Our collective national self-image is largely formed by an evolving popular culture. The lore of the American West that says we are a gun-toting, independent, self-reliant people is largely the creation Ned Buntline--King of the dime novel. Born Edward Zane Carroll Judson Sr. on March 20, 1821, Buntline penned more than 400 adventure novels, only slightly based on fact, and countless short stories. He made lots of money churning these out. He reportedly wrote a 600-page novel in less than 36 hours. He was prolific to say the least.
Forget about Walt Whitman and Mark Twain in terms of successful contemporary writers. Ned made far more money. He didn't bother to let quality get in the way. He stated, "I found that to make a living I must write ‘trash’ for the masses, for he who endeavors to write for the critical few, and do his genius justice, will go hungry if he has no other means of support.”
While touring the country on a temperance lecture circuit in Nebraska, Buntline met the army scout, William F. Cody. He wrote several stories and plays about Buffalo Bill, creating a sensation. Cody would star in the play in Chicago and from that experience learn how to create the Buffalo Bill's Wild West Show, which toured America and Europe. The subsequent novels and movies, which have formed our image of the American West were all shaped by Buntline and his creation of Buffalo Bill.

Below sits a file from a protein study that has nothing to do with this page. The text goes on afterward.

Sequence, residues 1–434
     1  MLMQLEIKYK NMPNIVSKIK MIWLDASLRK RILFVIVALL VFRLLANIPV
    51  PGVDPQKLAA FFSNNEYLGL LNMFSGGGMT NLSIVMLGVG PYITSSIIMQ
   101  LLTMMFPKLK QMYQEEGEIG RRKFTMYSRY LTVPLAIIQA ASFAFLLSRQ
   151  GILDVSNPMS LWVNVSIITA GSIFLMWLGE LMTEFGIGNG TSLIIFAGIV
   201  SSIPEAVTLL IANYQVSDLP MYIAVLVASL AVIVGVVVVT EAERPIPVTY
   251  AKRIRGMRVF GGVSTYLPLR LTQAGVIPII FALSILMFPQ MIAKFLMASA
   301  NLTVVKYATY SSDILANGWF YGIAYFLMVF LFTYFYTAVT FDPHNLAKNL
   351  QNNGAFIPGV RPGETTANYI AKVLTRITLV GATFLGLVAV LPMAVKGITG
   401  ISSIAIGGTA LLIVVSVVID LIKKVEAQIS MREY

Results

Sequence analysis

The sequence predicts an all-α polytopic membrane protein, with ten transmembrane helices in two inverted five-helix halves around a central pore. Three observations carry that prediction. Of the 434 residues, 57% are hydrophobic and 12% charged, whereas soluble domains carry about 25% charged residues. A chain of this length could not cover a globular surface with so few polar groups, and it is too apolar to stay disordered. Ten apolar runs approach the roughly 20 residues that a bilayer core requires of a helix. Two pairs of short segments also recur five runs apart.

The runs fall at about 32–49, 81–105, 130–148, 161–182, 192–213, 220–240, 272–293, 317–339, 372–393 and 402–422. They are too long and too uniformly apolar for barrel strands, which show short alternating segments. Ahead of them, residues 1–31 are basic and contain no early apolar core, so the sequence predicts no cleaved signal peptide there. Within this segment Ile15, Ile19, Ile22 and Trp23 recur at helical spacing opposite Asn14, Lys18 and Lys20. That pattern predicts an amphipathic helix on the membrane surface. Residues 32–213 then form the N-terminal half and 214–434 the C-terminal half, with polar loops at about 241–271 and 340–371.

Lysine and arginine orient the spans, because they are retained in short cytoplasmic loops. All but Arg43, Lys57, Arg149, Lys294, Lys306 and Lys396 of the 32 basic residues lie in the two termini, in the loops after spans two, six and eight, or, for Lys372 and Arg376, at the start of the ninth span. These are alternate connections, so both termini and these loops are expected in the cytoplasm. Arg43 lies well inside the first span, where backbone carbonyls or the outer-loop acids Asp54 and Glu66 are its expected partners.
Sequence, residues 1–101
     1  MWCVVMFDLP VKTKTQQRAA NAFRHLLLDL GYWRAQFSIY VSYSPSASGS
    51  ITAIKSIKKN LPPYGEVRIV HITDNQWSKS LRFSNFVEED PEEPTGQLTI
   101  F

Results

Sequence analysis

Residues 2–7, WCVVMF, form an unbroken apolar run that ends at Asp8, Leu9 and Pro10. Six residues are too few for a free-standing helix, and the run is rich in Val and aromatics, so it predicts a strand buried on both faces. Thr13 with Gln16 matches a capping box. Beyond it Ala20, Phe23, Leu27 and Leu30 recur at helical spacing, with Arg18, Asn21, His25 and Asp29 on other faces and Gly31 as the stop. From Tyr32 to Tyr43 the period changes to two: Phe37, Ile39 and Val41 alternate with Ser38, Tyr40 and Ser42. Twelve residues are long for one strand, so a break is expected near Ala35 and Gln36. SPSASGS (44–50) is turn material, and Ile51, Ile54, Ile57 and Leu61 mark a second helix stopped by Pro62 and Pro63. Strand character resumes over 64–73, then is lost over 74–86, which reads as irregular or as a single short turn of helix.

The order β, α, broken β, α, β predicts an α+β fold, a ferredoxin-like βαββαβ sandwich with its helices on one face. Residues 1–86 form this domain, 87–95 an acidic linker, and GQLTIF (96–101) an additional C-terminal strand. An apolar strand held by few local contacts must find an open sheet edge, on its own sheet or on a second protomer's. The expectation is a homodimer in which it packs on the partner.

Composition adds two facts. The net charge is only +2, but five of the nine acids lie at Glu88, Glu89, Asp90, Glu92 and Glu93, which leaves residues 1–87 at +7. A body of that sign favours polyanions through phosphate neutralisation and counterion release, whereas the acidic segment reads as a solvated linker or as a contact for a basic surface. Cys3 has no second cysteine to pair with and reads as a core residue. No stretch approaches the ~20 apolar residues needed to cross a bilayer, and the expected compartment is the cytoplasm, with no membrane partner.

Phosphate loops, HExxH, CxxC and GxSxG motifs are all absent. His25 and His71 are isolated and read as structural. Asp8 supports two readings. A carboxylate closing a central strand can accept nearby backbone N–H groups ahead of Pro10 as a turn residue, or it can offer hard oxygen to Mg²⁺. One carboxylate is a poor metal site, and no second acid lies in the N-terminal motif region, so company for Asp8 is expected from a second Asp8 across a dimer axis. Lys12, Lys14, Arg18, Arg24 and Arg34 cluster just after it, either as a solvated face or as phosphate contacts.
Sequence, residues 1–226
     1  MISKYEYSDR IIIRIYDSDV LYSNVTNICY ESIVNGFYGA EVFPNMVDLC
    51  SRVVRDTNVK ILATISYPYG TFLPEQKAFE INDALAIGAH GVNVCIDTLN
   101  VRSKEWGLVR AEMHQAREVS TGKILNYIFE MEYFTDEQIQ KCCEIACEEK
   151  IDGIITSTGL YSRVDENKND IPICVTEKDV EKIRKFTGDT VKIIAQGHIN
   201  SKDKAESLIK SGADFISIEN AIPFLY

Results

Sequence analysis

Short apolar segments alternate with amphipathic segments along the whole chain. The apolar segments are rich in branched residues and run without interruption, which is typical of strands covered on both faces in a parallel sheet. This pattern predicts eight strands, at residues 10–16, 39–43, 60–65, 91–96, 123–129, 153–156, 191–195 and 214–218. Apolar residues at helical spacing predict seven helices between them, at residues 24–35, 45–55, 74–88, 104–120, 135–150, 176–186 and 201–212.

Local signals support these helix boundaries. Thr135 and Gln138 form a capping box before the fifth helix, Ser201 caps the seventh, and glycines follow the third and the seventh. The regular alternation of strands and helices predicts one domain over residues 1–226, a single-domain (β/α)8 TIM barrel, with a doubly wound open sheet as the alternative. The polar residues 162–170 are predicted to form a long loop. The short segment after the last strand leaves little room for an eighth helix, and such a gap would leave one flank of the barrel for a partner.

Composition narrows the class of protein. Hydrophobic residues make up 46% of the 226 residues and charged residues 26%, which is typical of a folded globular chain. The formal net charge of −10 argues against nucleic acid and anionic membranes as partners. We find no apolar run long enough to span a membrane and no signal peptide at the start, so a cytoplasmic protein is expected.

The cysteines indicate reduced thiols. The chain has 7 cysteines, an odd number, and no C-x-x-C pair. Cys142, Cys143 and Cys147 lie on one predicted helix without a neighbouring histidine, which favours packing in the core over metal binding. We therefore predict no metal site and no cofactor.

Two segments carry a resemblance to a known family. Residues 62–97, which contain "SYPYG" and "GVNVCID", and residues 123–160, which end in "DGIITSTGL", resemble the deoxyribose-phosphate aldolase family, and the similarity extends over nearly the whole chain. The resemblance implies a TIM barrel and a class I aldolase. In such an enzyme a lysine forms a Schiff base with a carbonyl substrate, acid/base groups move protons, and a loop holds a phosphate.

Buntline was fairly disreputable, a drunkard who was kicked out of the army for drunkenness, a traveling temperance speaker, frequently speaking to his audience drunk. He was a womanizer who was married seven times. He murdered the husband of one of his mistresses, supposedly in self-defense. At his trial he was shot and hung by friends of the murdered man. However, he was cut down by supporters from the awning post before strangling. He became involved in the nativist Know-Nothing Party. He helped instigate the Astor Place Riot of 1849 which pitted nativist against immigrants, resulting in the deaths of 25 people. He was reportedly being paid more than $20,000 per year writing stories which stirred up the less educated whom he had little respect for, but made him rich. He preached America was for Americans.
Buntline was a great American huckster. He told so many tall tales, he frequently believed them. Regardless of his ability to write and create an image the strong American West built on self-reliance and independence, Buntline's fiction was not self-realized. For all of his wealth, bravado and seeming "success" - he died in debt at age 63 in 1886. The fanfare faded, his fame diminished and his legacy, which was built on "trash" did not survive the test of time. Though he changed America, few know his name today.